Significantly, Aquino created the CHR barely two months before the new congress (the eighth Congress) was scheduled to convene on July 27, 1987.
The decision to preempt and bypass Congress was deliberate and calculated. The Aquino administration did not want the legislature to scrutinize the prospective law, and to have a hand in the creation of the human rights commission.
Certain parties wanted total liberty to write the provisions of the enabling act. Certain parties also had their eye on the choice posts in the commission.
There was anxiety in the administration that the human rights body might focus its investigative authority on unraveling the truth of what happened in Mendiola. The main conclusion was that the less Congress meddled in the creation of the commission the better for the administration.
These sour beginnings condemned the CHR to its checkered history: weak statutory foundation, avoidance of massacres and violent incidents, appointment of commission chairs whose chief qualifications were membership in the Yellow Cult, and commissioners who were well-connected to influential politicians.
The loud assurance of Senate President Koko Pimentel that the CHR will get its budget restored is no accident. He is the brother of a CHR commissioner, who could profit from Gascon’s departure.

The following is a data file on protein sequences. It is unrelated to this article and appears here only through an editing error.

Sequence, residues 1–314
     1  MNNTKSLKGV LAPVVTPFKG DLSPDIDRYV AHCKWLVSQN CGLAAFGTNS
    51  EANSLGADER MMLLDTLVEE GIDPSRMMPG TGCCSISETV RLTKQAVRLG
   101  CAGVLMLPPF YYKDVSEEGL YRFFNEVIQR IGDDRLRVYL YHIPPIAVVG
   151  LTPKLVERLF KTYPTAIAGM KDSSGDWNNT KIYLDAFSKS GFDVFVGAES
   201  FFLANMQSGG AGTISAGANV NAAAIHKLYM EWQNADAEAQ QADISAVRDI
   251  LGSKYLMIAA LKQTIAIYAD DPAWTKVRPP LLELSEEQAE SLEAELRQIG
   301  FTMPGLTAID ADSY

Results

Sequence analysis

Executive Order 163
The glaring fact that proves the lie behind the CHR is Executive Order 163, which is deceptively and wrongfully paraded as the enabling law behind the commission.
I have before me and in my hands the text of President Aquino’s executive order. It is a remarkable document of self-dealing and usurpation of congressional authority.
The EO bears the imposing title, Executive Order No. 163, “Declaring the effectivity of the creation of the Commission on Human Rights as provided for in the 1987 Constitution, providing guidelines for the operation thereof, and for other purposes.”
WHEREAS, the 1987 Constitution has been ratified by the people;
WHEREAS, the 1987 Constitution has created an independent office called the Commission on human Rights; and
NOW, THEREFORE, I, CORAZON C. AQUINO, President of the Philippines, by virtue of the powers vested in me by the Constitution, do hereby order:
“Section1: The Commission on Human Rights as provided under Article XIII of the 1987 Constitution is hereby declared to be now in existence.”
The tone is like that of God saying: ”Let there be light.”
The order enumerates the powers and functions envisioned for the commission by the charter, and recites them verbatim:
But the order does more that. It adds items and matters that can only belong to Congress’ authority; it assumes that Aquino had the power to wield it.